How turning to green energy can tackle climate change

25th February 2020

Green energy is generated by natural resources such as sunlight, wind and water. Unlike traditional sources of energy, it is renewable and causes less pollution. In the UK we generate green energy through 8,000 wind turbines, but we can all do more in our every day lives to maximise green energy.

Green energy is more than just choosing renewable energy sources, but it is also about cutting down. In our consumer and throw-away culture, buying new clothes each season or a new phone every 2 years has become the norm. But do we stop to consider the environmental damage of our consumption?

We all need to be more mindful of the energy we use. Think back to this morning… After waking up, you probably had a shower, ate breakfast, brushed your teeth, and headed to work. All of these actions and resources use energy. In a planet of 7.8 billion and depleting resources, it has never been more important to be conscious of the amount and type of energy we are consuming.

The UK’s Co2 footprint target is 10.5 tonnes per person, per year. What’s your Co2 footprint? Find out on the WWF calculator

Switching to green energy is a journey which requires many habits to be changed. Over the past 6 months, I have been inspired by the people I’ve met to start my own carbon-reduction journey, and I hope after reading this you will start yours too!

Start small, with daily choices such as shorter showers and minimising waste. Then move to personal challenges such as diet or travel. As a conscious consumer, you could share your passion with others and advocate for change on a larger scale!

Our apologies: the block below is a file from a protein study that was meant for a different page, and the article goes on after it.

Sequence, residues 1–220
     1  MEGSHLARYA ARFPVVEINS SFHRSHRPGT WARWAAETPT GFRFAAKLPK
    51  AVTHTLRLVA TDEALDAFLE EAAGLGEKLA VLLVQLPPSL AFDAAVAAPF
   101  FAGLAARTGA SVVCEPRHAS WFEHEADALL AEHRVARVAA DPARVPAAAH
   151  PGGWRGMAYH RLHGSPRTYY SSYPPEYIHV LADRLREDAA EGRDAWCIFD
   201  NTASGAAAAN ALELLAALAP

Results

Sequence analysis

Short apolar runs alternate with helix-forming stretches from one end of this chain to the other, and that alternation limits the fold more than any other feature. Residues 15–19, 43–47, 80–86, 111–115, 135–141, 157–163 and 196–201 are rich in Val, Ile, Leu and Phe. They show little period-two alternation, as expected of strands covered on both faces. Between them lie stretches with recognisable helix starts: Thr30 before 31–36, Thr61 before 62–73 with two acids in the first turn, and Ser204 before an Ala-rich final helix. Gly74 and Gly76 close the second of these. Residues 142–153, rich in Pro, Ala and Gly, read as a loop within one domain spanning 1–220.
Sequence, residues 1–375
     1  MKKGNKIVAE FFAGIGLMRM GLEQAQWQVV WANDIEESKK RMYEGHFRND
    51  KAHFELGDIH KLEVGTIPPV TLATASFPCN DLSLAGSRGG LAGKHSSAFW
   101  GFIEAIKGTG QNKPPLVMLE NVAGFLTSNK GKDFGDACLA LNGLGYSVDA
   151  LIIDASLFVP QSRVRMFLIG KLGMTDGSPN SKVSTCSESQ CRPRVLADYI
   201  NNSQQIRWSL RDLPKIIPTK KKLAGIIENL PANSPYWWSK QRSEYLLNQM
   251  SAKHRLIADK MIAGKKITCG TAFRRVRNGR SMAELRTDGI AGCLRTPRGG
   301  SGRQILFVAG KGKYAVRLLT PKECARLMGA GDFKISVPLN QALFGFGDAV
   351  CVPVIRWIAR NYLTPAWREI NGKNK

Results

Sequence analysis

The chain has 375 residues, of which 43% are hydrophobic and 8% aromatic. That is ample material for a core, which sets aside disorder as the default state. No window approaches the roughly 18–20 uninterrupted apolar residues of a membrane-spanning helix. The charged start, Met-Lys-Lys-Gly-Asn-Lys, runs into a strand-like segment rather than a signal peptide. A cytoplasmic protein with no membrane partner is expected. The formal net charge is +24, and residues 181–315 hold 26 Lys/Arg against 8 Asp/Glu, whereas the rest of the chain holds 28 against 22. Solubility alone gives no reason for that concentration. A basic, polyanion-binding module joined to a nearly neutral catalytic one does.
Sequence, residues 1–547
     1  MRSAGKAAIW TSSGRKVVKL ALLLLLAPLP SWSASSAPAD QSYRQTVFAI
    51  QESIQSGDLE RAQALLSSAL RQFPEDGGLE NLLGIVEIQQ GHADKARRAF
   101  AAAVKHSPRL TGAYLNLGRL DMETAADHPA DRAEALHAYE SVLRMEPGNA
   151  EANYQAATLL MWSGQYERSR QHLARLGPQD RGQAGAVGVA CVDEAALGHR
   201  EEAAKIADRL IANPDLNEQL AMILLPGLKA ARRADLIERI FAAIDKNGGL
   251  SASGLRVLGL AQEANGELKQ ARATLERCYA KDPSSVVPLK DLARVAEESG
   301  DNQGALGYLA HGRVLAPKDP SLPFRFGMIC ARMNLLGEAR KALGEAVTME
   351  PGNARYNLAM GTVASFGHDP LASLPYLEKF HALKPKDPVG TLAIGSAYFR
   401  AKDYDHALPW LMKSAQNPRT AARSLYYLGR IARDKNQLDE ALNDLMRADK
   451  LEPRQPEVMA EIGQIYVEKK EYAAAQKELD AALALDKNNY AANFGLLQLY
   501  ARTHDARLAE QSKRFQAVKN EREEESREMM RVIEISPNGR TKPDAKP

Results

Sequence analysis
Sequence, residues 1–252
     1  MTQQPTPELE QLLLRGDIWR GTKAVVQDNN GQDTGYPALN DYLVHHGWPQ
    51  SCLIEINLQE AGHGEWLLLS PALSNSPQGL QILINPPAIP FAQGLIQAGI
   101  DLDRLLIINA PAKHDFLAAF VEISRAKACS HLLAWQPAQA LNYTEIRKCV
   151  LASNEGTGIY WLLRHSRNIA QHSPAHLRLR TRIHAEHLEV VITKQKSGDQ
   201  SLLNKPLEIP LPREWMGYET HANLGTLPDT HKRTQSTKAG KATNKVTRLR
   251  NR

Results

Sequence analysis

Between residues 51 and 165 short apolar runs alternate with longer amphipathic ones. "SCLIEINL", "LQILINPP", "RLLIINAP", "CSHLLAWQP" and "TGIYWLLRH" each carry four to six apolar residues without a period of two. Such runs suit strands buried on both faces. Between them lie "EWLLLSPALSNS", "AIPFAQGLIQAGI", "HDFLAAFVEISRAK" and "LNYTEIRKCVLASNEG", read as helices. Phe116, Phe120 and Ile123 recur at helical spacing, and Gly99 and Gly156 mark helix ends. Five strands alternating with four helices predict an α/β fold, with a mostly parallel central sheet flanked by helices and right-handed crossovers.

We can all do things to be more sustainable in our every day lives. These are my top 5 tips on how you can go green. 

1.  Change energy provider

There are several energy providers who use 100% renewable electricity and green gas, as well as support green energy innovations. Read more here about some energy providers.

2.  Reduce clothing consumption

It is estimated that the average lifespan of a piece of clothing in the UK is 2.2 years. This ‘fast fashion’ demands lots of energy and resources, with clothing production accounting for 10% of global carbon emissions. Instead, try attending a clothes-swap, shopping at a thrift store, learning how to mend clothes.

3.  Join a green energy movement

Would you like to join a community combating unsustainable energy usage? There are many initiatives that can help you do this. Check out this list of initiative for inspiration: Fossil Free (Advocating), Go Green for your community (Training and Funding), Climate Action (International Events), Renewable World (Challenges), London Community Energy Fund (Funding Green Ideas), European Energy Centre (Volunteer), Brixton Solar Energy Projects, (Volunteer) and Energy Garden community (Volunteer).

4.  Avoid food waste

Did you know, food waste from UK households accounts for 20 million tonnes of CO2 each year, the equivalent of 7 million cars? To avoid this, you could use a Portion Planner, preserve food, utilise unavoidable food waste and download a food waste app such as Olio and To Good To Go.

5.  Attempt zero-waste

For the acclaimed eco-warriors, you could attempt moving to zero-waste by not buying packaged food, start making your own products and by shopping second hand. Read this blog article for 13x zero waste resolutions and head down to some zero-waste shops such as Hetu.

Raleigh UK has been embracing Green Energy this month as part of our Sustainability Committee initiative. Tell us how you are tackling climate change at

Alumni Climate and Conservation Youth Voices Global